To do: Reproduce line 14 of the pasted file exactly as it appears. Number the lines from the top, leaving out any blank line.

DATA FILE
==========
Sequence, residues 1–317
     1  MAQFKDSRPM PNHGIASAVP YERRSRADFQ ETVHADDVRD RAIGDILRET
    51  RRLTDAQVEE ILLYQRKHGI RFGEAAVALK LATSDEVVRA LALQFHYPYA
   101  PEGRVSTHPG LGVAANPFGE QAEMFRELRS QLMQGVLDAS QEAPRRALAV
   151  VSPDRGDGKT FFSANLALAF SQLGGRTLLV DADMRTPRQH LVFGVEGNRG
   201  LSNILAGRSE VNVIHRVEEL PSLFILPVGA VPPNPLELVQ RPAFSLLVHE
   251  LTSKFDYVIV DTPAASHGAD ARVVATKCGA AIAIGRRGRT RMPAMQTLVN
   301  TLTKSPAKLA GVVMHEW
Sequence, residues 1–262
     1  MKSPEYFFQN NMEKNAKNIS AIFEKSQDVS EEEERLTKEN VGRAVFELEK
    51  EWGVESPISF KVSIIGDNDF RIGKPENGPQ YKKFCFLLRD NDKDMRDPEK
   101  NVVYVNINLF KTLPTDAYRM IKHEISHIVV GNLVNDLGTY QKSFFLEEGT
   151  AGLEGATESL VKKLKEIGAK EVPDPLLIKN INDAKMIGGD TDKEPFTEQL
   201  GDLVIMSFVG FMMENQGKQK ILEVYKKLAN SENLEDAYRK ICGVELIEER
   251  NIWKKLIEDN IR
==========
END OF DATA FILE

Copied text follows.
   201  GDLVIMSFVG FMMENQGKQK ILEVYKKLAN SENLEDAYRK ICGVELIEER